From Tehran to Turkey: An international journey by train
“Salam. Do you have some salt?” When a shy man in his 30s poked his head around the glass door of our small four-seat compartment, we had been on the train for no more than 15 minutes and were still stunned by the vintage features of the corridor coach that would take us from Tehran, Iran, to Ankara, Turkey.
In the Iranian third of the 72-hour journey, train seats are covered with red and purple flowery velvet that matches the carpet on the floor, and puffy curtains frame the timeless view scrolling by the window. A loosely screwed ladder jingles at the pace of the engine’s droning, and the scent of hot rubber spreads through the corridors when it stops. The acrid smell, reminiscent of Tehran’s heavy traffic, is almost instantly covered with that of tea and various local specialties that passengers take out of stuffed luggage to share with other Trans-Asianers.
The magic of food and word of mouth operates, and within a few hours, everybody knows each other. Ruhi, a 60-year-old lady wearing a tight silk scarf and dutifully knitting meters of wool into warm hats, is visiting her daughter who recently gave birth in Turkey. Navid and Mahdi, stylishly dressed from moustache to toes, had a fashion shop in Tehran and plans to open a new one in Eskisehir, where they have purchased a house big enough to fit their extended families. Khramesh is retired from the hospital of Isfahan, where he was the general accountant, and moved to Shiraz. He still works as a taxi driver to earn a little extra for his son’s studies, but in a relaxed environment. (While Shiraz is famous among tourists for its impressive monuments of Islamic art, it’s known among Iranians for its laid-back atmosphere and people.)
There’s also the head of a fire department; a painter and her mom; an ex-doctor who opened a photo studio in Kayseri when he moved to Turkey a few years ago; a truck driver and his nephew, who is the director of a hospital and paid for both tickets; Arezoo, his wife and their 10-year-old daughter, an Azeri family seeking less minority-targeted tension in Turkey; and Reza, who moved to Canada four years ago after he obtained a refugee status and is back to visit relatives in Iran and Turkey.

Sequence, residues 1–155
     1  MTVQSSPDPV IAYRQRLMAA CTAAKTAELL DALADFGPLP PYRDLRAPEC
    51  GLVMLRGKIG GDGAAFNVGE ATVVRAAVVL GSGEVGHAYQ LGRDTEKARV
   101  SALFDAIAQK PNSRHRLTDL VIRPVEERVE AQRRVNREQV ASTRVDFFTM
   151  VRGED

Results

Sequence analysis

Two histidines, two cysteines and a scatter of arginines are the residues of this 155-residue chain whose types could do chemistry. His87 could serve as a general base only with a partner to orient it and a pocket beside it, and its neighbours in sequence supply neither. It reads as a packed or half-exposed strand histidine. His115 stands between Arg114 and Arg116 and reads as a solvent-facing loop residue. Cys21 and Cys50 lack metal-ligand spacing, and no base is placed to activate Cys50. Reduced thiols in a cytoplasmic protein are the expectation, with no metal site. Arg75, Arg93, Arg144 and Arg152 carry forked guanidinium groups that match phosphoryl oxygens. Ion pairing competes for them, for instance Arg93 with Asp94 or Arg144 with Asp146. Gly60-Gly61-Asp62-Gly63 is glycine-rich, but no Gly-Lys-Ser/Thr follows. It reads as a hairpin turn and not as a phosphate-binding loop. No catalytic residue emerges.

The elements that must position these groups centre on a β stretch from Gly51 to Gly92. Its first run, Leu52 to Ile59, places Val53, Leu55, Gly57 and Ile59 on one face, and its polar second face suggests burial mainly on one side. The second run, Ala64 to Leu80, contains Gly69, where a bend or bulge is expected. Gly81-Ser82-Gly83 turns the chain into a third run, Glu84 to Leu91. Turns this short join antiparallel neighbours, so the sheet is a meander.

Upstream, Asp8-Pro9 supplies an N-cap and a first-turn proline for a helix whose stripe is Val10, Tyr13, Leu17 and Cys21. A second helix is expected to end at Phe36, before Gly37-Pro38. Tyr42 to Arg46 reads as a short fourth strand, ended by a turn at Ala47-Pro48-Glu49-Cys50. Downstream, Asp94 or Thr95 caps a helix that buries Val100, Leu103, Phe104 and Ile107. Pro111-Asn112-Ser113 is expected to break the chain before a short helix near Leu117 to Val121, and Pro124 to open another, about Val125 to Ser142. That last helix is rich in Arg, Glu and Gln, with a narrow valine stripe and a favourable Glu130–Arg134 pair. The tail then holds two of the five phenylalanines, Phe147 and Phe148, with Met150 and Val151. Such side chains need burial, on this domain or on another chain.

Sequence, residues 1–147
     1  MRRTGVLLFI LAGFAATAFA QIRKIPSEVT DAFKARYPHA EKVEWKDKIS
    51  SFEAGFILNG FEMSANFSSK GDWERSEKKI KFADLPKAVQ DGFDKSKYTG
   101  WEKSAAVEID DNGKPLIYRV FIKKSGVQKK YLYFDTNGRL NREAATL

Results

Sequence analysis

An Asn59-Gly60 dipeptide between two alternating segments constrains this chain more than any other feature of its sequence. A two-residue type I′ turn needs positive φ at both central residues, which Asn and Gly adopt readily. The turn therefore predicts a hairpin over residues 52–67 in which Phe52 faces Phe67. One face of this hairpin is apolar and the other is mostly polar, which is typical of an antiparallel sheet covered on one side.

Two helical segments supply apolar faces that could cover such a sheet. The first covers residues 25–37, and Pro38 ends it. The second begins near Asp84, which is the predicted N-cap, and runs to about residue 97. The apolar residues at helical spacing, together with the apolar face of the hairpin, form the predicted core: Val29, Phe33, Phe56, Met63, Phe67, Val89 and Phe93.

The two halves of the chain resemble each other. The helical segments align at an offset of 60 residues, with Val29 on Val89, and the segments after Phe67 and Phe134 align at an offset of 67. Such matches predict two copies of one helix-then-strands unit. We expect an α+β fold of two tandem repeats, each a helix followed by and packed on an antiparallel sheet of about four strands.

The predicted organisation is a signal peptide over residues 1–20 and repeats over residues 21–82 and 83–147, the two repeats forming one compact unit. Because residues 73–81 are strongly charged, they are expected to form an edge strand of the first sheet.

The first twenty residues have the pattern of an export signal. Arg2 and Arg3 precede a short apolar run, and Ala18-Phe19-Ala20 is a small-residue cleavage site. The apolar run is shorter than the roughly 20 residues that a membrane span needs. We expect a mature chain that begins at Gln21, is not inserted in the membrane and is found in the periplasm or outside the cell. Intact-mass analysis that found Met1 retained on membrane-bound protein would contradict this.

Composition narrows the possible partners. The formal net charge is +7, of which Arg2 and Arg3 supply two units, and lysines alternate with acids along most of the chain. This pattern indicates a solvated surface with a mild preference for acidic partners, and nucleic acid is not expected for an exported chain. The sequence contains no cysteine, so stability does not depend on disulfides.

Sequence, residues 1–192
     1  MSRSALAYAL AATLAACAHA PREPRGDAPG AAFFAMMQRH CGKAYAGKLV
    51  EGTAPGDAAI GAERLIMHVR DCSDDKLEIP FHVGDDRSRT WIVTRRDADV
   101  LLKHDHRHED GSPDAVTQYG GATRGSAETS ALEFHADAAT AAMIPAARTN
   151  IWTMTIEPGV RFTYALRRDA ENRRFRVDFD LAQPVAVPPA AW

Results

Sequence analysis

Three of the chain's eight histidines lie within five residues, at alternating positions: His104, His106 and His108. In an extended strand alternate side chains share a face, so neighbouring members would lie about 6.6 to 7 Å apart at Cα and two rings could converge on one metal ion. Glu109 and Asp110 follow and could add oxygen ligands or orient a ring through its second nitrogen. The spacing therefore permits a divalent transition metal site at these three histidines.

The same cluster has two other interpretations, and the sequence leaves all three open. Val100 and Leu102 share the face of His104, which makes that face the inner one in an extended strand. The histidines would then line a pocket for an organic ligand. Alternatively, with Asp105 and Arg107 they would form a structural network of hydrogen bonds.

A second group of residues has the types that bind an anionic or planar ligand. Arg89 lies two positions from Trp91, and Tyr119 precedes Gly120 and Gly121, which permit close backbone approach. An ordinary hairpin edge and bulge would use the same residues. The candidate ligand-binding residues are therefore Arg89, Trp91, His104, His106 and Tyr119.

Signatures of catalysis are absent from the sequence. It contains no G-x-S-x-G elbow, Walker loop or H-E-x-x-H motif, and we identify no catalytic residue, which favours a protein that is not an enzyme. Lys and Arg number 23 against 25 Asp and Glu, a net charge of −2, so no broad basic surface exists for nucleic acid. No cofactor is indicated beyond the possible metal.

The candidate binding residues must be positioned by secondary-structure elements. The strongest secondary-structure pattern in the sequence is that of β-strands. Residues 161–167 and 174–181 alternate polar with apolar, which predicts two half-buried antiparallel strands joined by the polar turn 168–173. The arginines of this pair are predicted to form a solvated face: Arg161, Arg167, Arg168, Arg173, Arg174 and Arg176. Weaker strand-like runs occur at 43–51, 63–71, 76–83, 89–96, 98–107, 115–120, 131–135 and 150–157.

The short, four-car train has a restaurant, but passengers prefer to squeeze in their tight compartments. Public space in Iran is a synonym for restrictions, limitations and control, so people spontaneously gather within four walls, where they can be themselves. Contrary to what is commonly assumed, Iranian people have freedom. The division lies between what they do and say in private, and how they are forced to behave in public since the revolution. As a consequence, people create their own “public spaces” in private and form smaller groups around common interests.
The first time the restaurant filled up was 20 hours through the trip, a few kilometers away from Lake Umria – the lake, that used to be the largest in the region, is shrinking at a concerning speed, and we could see boats floating on sand from the distance. For an hour, while the train was roaming through the majestic range surrounding Mount Ararat, passengers awaited their turn at the police check, nervously twiddling their exit certificates. Past the border, the same restaurant attracted the entire train again. This time, everyone improvised percussion on cardboard boxes of tea, tables or pans, singing local songs, dancing and telling jokes from every passenger’s region.
With his communicative warmth and sense of brotherhood inherited from his growing up among fifteen siblings, Reza directed the symphony.
“Aie Baba!” That wondrous, collective jam session marked the beginning of another journey, interrupted by a breathtaking crossing of Lake Van by ferry at night. Though still roving through fully white and foggy landscapes that look as bright and uncertain as the future most passengers are hoping to meet in Turkey, the train discharged its vapor of anxiety. Hooman, a cab driver who left the Southern city of Abadan – “the Brazil of Iran,” as he likes to describe it – for the cold, concrete landscapes of Kayseri, in Central Anatolia, commented, “Look how joyful everyone is. I am so happy for my people”. Hooman lost his girlfriend in a car accident a few years ago and needed a change. “I will always love you,” he captioned a drawing of his hometown featuring an endless beach, a man with a ghetto blaster, a flock of seagulls and a vividly burning candle.
In Islam, “the moment of death to the dying person is not a moment in the world of space-time but a timeless moment – a transit moment – similar to a no man’s land between the borders of two neighbouring states,” writes Ghulam Sabir on the Iqbal Academy’s website. An indefinite space where everything is unclear and transitional – this is what the train seemed to be for these one-way travelers. That said, many of them have converted to Christianity in the past few years. Milad, a thick, silver cross around his neck and his arms covered with tattoos, explains, “I want to show and share our culture because everybody in the world has a bad image of Iran.” As an introduction, he played the recent songs of his rapper friends, Amir Tataloo and Armin 2AFm, while offering pashmak, a kind of cotton candy from Yazd, whose equivalent we can find in Turkey.
Laurence Cornet is a journalist based in New York.